Demystifying the Claims Process

As insurance professionals, we have a front-row view of life’s precariousness, witnessing again and again how things can change in an instant. A client arrives home from a celebratory dinner to find a flood caused by a burst pipe has damaged her art collection. A leisurely ride downtown totals the classic car as an uninsured motorist runs a stop sign. Or an uncontrollable wildfire razes the family’s summer compound.

Having witnessed such misfortunes and the rebuilding—of the homes, collections, and lives—that follows, we have learned that an experienced advisor by your side during carrier negotiations can minimize added stress during the claims process. That is why we dedicate tremendous resources to our claims advocacy responsibilities. When the worst happens, you deserve to have experts at your side to guide you all the way to a finalized settlement.

We also know that the more familiar you are with the process beforehand, the better things are likely to go should you need to make a claim. To that end, this piece highlights all you can expect when filing a claim and what you can do to help ensure the experience is a smooth one.

What to do in the immediate aftermath of a loss (or if trouble is imminent):

A lot of emotional but crucial decisions will need to be made when calamity arises, but how you act in the moment can have a great impact on how your ensuing claim plays out. Setting a course of action beforehand will help get you to a best-case outcome. Here are some things to keep in mind.

  • Before you do anything else, make sure everyone is safe. When a dangerous event is on its way, your first concern, of course, is getting family members and any employees to a secure location. Only then should you consider going back to collect whatever possessions you can. Similarly, in the immediate aftermath of an incident, take stock of everyone’s well-being before making any other moves.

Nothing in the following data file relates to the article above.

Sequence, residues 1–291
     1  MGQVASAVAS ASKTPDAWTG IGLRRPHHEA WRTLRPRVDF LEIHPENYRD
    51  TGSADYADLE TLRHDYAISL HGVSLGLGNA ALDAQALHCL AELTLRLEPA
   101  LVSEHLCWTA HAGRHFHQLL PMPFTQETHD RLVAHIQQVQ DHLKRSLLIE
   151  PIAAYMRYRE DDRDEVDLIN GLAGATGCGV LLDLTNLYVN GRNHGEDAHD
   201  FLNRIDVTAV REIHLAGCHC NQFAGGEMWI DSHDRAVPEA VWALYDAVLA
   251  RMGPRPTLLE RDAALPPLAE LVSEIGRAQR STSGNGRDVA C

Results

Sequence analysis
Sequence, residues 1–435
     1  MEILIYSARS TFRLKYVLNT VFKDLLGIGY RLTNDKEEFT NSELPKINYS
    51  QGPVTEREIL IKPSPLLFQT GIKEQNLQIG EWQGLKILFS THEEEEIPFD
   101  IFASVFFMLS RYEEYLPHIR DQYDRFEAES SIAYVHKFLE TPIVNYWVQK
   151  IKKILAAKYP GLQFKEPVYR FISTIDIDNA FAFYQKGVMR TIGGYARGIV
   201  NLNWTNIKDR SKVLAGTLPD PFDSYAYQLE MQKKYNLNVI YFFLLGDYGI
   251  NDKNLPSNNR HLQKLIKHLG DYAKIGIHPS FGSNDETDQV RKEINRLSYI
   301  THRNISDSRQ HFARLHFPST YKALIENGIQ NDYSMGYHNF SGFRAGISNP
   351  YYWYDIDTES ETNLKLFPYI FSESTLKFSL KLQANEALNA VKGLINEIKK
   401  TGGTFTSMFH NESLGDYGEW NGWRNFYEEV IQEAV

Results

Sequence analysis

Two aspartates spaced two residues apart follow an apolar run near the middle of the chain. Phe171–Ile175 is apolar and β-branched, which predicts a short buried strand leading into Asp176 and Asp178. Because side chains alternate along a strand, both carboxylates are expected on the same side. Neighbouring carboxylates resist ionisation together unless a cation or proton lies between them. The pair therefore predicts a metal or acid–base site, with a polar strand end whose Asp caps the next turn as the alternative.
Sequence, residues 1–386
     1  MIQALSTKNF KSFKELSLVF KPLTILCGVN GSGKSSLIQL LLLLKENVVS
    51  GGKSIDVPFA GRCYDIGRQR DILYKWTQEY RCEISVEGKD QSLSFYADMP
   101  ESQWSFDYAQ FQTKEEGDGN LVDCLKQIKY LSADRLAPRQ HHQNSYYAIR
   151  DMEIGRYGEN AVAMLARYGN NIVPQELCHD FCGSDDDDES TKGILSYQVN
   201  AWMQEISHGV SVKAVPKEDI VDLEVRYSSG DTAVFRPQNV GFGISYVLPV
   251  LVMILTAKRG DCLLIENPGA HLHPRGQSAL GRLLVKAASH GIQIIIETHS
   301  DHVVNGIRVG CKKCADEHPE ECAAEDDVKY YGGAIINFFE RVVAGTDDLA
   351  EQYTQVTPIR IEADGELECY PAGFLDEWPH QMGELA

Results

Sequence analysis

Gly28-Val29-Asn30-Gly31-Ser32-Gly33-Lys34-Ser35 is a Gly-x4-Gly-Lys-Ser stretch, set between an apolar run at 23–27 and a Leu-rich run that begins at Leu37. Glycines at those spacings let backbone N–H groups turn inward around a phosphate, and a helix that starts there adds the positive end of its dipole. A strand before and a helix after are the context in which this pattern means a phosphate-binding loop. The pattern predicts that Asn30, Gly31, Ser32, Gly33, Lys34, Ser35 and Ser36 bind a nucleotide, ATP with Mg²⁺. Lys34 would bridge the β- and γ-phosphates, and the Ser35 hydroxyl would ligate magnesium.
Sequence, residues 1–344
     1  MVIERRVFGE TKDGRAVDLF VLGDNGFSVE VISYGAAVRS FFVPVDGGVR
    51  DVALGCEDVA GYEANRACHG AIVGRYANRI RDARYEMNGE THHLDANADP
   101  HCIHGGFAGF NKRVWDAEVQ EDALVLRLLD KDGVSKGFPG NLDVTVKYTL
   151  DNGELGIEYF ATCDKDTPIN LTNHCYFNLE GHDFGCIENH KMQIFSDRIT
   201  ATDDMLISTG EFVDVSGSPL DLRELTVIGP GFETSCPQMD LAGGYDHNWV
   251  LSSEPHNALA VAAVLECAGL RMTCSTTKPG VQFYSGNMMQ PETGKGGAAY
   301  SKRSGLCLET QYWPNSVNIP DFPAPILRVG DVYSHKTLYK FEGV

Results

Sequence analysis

• Stay ahead of the situation.  As soon as you know that a damaging event is working its way towards you, contact your account executive so they can begin a claim, just in case. Inevitably, resources are scarce after such events, so you want to be first in line with carriers, adjusters, and contractors once the trouble clears. If your property emerges without any significant damage, we can help you close out the claim.
  • Your first insurance-related call should be to your advisor, not the carrier. You’ll notice in the item above that we suggest you contact your account executive to begin a claim. That’s because our specialists have countless experience navigating situations of all kinds. For starters, they can peruse your loss history and assess the extent of the damage to determine if filing a claim is even in your best interest. If it is, they will keep the process on track, including filing expeditiously. They know carriers need to be given the best chance to determine the cause of a loss, and if you wait too long and the cause is no longer determinable—for instance, if repairs have been made—you may be denied restitution. Most important, what is said in and around the filing of a claim can alter what a carrier will cover. You can count on your team to position losses to your advantage.
  • Always work to mitigate further damage.  After the initial loss or crisis, most policies require you to do whatever can reasonably be done to minimize the damage from getting worse. Your advisors will be happy to put you in contact with the companies that dry out wet walls, patch roofs or temporarily fix burst pipes so that mold doesn’t grow, or the water damage doesn’t spread to other areas.